Croydon Council has made it into Private Eye again this week. And that’s not a good thing.
Two years ago, the fortnightly news and satire magazine exposed some questionable dealings at the Town Hall over the awarding of a multi-million-pound contract for transport services to a Merton Park-based company, and some key council appointments connected to the process.
In September 2009, the mini-cab firm was awarded the £6.5 million contract to ferry disabled children between home and school in Croydon. As Private Eye reported, there were cheaper tenders for the work from better-qualified firms based in Croydon.
The decision to award the lucrative contract to Olympic South appeared to be based on advice from Michael Lawrence, a former transport officer at Sutton who was appointed as a consultant by Croydon’s deputy chief executive responsible for procurement, Nathan Elvery.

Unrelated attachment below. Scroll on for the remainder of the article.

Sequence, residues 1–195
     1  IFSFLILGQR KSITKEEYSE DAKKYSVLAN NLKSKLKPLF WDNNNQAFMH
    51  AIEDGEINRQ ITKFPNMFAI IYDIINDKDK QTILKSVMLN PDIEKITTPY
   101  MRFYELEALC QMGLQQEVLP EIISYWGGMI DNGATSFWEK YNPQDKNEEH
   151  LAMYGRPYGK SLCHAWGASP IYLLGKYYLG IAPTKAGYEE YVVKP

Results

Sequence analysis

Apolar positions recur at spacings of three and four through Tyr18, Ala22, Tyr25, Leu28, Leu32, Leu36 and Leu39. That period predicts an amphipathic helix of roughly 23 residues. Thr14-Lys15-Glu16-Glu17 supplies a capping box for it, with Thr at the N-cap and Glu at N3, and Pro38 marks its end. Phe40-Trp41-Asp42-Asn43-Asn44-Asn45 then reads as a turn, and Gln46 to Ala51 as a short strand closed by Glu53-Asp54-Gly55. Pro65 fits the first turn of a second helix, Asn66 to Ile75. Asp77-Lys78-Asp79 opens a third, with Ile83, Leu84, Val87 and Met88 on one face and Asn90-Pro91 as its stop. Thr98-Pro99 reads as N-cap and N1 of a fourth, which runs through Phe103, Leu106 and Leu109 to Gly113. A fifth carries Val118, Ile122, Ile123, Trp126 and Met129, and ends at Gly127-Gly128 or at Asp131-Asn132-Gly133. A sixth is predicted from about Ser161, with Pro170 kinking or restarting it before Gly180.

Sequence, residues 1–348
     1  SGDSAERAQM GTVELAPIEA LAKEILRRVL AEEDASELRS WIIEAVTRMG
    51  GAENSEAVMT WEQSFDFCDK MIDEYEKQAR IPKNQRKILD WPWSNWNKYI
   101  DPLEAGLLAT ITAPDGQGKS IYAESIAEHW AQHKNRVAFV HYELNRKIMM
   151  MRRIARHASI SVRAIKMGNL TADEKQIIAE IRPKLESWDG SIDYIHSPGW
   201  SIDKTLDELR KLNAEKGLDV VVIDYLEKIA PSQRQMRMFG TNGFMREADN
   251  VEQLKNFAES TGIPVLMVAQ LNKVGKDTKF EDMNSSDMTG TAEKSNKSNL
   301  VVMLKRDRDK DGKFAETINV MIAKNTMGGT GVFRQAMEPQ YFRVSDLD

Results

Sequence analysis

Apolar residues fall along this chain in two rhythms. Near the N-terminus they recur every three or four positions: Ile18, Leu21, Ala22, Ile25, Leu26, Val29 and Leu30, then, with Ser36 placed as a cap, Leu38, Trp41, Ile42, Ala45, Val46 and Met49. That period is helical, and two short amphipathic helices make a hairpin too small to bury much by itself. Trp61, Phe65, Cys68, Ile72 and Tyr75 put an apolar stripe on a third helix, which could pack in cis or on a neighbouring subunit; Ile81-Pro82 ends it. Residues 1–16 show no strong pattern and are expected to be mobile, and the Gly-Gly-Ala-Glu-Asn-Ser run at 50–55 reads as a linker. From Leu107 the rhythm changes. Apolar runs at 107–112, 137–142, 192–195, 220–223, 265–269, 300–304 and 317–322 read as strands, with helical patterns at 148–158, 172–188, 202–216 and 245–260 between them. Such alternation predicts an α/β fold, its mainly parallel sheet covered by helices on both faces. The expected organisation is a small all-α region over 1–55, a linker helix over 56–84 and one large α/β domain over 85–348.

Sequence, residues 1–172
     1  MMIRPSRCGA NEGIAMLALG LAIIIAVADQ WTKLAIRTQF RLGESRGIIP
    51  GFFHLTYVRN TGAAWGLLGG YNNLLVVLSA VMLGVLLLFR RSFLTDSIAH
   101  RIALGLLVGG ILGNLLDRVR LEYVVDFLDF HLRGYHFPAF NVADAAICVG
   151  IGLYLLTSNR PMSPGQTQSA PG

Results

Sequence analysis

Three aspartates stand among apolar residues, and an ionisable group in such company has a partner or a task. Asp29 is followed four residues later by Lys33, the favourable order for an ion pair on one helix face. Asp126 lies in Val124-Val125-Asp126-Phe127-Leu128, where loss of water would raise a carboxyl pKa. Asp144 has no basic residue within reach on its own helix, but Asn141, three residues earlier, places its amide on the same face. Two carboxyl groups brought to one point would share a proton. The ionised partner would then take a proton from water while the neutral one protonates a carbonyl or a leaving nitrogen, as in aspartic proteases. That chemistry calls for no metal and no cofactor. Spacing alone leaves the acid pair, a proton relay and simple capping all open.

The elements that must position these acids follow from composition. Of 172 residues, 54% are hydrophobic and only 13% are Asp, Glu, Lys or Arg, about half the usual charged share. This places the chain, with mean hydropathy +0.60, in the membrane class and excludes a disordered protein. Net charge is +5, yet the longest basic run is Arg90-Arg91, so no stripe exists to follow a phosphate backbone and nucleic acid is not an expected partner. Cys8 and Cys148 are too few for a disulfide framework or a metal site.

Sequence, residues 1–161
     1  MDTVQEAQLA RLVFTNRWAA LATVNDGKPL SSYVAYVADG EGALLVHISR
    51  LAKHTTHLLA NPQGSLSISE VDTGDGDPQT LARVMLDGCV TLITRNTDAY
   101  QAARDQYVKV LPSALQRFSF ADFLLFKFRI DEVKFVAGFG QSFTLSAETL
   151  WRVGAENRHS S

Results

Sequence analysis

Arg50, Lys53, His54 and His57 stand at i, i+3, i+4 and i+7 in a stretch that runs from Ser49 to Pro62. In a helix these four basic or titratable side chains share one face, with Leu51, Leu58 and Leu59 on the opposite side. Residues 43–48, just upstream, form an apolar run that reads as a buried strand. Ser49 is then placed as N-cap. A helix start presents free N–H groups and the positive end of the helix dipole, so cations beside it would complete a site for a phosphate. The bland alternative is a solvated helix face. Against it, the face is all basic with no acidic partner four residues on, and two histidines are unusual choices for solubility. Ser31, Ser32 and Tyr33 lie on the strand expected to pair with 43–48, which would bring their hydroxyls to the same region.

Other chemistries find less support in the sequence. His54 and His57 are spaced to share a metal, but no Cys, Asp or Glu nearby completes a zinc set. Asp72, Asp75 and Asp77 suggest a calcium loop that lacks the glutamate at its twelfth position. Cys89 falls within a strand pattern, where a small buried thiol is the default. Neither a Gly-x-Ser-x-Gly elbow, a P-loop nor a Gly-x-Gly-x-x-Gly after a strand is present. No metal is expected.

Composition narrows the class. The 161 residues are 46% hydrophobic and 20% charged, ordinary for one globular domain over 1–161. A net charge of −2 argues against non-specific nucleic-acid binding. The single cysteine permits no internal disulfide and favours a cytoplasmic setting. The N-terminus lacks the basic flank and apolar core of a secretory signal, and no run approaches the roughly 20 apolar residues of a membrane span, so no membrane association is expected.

Soon after Olympic South won its Croydon tender, Lawrence went to work for the cab firm, according to the Eye on a £100,000 salary plus company Merc.
After reading the magazine’s reports, Croydon councillors last year ordered an inquiry into the matter. An internal council investigation found no evidence of fraud, although Croydon CEO Jon Rouse was forced to admit that the inquiry “raised concerns with the evaluation process”.
Shortly afterwards, Peter Storey, a procurement manager, left his council job after a period of suspension, and all Croydon’s transport contracts were put out to tender once again.
According to this week’s Private Eye, Olympic South has lost out badly in the re-bidding process, with the announcement of the outcome due to be made next week.
“Even the new bidding process was controversial to the last,” the Eye reports.
“Coach and minibus operators had to submit bids electronically; cab and taxi owners on paper. At 11.36am on 14 December, months after bidding opened and with less than half an hour to go before the deadline, the council sent an email extending the deadline by 24 hours.
“The council says this was for ‘technical’ reasons and no last-minute bids were submitted.”